and welcome to our German Word of the Day. Do you know what music and your coffee cup have in common?
No? Well, you’ll find out today, because we’ll take a quick look at the meaning of
I think the musical side isn’t a surprise to most of you, because English, too, has the word tone.
They both come from the Latin word tonus, which itself comes from Ancient Greek tonos and already back then it was used to express the meaning of pitch, voice or musical key. The very origin however was the even more ancient Indo-European root *ten- and that was about… drumroll… stretching.
The same root as in words like tense, tendon or tension. Or many other words, actually. That family is incredibly big and full of surprises like tent or tenure or Tantra, which is about stretching the… uhm… fun.
But anyway, the reason why the Greeks used it in the context of music was that they used a lot of chord or string instruments, like for instance the lyre, and those were essentially just cords or strings under tension. And the pitch of the sound depends on how much tension there is.
Today, pretty much all European languages use some version of the old tonos and the core idea is the same, but of course there are minor differences.
However, before we take a closer look at how German uses Ton, I actually want to take a slight detour to Ton in physics.
It’s not really about German, and you could technically skip it, but hey… it’s actually really interesting stuff, and who knows, I like talking about it and many of us have a lot of time to read anyway :)
Sound in physics
In physics, a Ton (as well as English tone) is a completely regular sine function. The pitch of it depends on how many times it goes up and down in a second – the more often, the higher it sounds.
Now, if you layer some of those basic Töne together, you get what’s called a Klang.
And that’s for instance what the string of a guitar makes.
When we pluck it, it vibrates. We can even see it with the deep string of a guitar. How it fast it vibrates depends on how long it is, how thick, and how much tension there is. But the key to the sound it makes is that it vibrates in many ways at the same time. Let’s say the entire string is vibrating is 100 times per second. That’s a reasonably low sound. But on the string there’s also a vibration that’s 200 times per second. And one with 300 times per second. And 400. And so on. Here’s a very basic drawing.
The basic vibration is called Grundton (primary tone), and the others are called Obertöne (overtones) and what we hear as the sound of the guitar is the sum of all those vibrations together. The Grundton is what we perceive as the pitch, but the sound of the guitar is determined by how loud each of the Obertöne is.
And it’s not only for a guitar. Most instruments work like that and even our voice does. The specific character of our voice is a result of how the shape of our throat, mouth and nose influences the loudness of all these Obertöne.
Now, what’s really fascinating is what happens if we add more and more vibrations, and also “unrelated” ones. So we take 100, and 102 and 105 and 108 and so on.
Because the result of that is… noise.
Have you ever put both your forearms on a piano? That’s not really a chord anymore, right? Now imagine between the normal keys are many more keys. If we were to put our forearms on that thing, it’ll sound like a an airplane starting. And if we add more keys for higher notes, we’ll eventually get something that sounds like heavy rain.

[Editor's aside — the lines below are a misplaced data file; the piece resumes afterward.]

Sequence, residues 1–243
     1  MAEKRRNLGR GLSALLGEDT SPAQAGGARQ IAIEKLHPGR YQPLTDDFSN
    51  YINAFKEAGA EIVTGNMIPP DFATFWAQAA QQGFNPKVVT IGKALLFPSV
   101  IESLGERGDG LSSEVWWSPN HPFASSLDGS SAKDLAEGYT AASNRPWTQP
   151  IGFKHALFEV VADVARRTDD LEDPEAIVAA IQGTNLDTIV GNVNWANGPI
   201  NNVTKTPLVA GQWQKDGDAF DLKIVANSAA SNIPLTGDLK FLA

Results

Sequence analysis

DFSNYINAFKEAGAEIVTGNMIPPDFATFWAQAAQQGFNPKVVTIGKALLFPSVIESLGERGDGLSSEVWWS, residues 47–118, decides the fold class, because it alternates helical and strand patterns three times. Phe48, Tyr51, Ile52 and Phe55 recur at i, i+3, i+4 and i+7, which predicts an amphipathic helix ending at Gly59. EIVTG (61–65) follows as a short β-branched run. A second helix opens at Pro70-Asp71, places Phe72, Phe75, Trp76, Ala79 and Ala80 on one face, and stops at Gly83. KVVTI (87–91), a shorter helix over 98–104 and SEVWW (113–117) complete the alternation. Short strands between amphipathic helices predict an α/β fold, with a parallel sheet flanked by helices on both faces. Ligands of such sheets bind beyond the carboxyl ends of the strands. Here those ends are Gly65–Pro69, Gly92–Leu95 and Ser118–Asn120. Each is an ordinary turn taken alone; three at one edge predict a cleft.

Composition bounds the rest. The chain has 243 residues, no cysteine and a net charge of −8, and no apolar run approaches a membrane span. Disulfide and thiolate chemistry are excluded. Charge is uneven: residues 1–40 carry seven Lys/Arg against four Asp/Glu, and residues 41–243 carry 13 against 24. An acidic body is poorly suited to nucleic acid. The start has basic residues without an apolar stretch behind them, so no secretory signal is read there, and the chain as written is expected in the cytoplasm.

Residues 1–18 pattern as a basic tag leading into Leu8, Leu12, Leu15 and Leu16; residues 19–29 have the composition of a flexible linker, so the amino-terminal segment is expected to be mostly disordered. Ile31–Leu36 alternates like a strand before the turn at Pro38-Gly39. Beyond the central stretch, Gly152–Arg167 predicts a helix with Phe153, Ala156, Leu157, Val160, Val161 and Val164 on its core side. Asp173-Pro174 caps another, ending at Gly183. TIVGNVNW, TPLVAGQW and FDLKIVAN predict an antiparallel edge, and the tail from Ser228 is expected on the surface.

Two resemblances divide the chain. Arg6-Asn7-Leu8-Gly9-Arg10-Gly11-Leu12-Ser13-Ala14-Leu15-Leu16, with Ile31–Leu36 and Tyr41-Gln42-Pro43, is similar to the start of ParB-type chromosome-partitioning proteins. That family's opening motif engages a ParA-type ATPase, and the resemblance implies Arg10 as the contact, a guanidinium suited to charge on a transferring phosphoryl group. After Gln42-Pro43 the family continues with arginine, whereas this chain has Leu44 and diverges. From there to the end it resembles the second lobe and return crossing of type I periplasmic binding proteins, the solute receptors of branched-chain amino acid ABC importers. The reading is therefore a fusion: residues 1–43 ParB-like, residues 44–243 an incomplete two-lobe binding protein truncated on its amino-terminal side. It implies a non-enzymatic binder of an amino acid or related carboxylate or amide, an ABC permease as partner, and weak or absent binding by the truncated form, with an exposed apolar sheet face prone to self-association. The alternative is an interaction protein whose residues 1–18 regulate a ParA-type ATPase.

The human ear can distinguish vibrations between about 20 and 20.000 Hertz (that’s the word for times per second) and if all of them have the same intensity, the result is white noise. A bit like a really really heavy rain. Or an old TV without signal.
You see, the more tones we add, the less discernible they become to our ear and the less your brain perceives the whole thing as “tonal”. Instead, we hear it as noise and the character of it again depends on how loud each vibration is. A starting airplane has a lot of loud deep vibrations, a waterfall has higher ones. And a strong wind is right at the border between sound and noise.
So, the key thing is that all sound, whether it be the sound of the sea or the sound of a flute, is ultimately a result of how loud the many different vibrations are that our ear can decode.
And from this, it is actually only a small step to how MP3 works but that would really be too much for today :).
Let’s now get back to actual German.
Ton in normal German
And in everyday German, Ton is used in a much broader sense than in physics.
In music, it is the word for a single note. Or played note, we should say, because German also has die Note. Note is used for the symbol, while Ton is the actual sound you create for that note.
- Man muss nicht unbedingt Noten lesen können, um ein guter Musiker zu sein.
- You don’t necessarily have to be able to read musical notes, to be a good musician.
- Drei Töne gleichzeitig sind ein Akkord/Dreiklang.
- Three notes at the same time are a chord/triad.
- “Und … äh.. was ist dein Lieblingston?”
“Du gehst nicht oft auf Dates, oder?”
- “And… uhm… what’s your favorite musical note?”
“You don’t go on dates often, do you?”
Also noteworthy are die Tonleiter (literally: note ladder) which is the German word for musical scale, and the of course die Tonart, which would literally be tone-species. English calls it key, though.
- “Welche Tonart ist das?”
“Och nööö, ich will lieber C-Dur!”
- “What key is that?”
“Aww, nooo, I rather want C Major!”
Now, beyond the realm of music, Ton is also used in a broader sense of audio or sound.
- Thomas arbeitet nicht als Toningeneur.
- Thomas doesn’t work as an audio engineer.
- Der neue Film von Tarantino ist komplett ohne Ton.
- The new movie by Tarantino is completely without sound.